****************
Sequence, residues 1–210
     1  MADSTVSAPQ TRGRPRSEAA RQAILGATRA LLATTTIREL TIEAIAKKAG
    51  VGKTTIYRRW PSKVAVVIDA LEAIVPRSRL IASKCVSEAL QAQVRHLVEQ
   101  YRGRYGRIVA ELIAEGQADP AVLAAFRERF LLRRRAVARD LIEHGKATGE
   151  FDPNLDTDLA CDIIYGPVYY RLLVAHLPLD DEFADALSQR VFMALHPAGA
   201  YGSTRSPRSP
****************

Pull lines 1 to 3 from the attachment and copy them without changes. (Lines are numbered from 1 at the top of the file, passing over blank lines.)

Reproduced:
Sequence, residues 1–210
     1  MADSTVSAPQ TRGRPRSEAA RQAILGATRA LLATTTIREL TIEAIAKKAG
    51  VGKTTIYRRW PSKVAVVIDA LEAIVPRSRL IASKCVSEAL QAQVRHLVEQ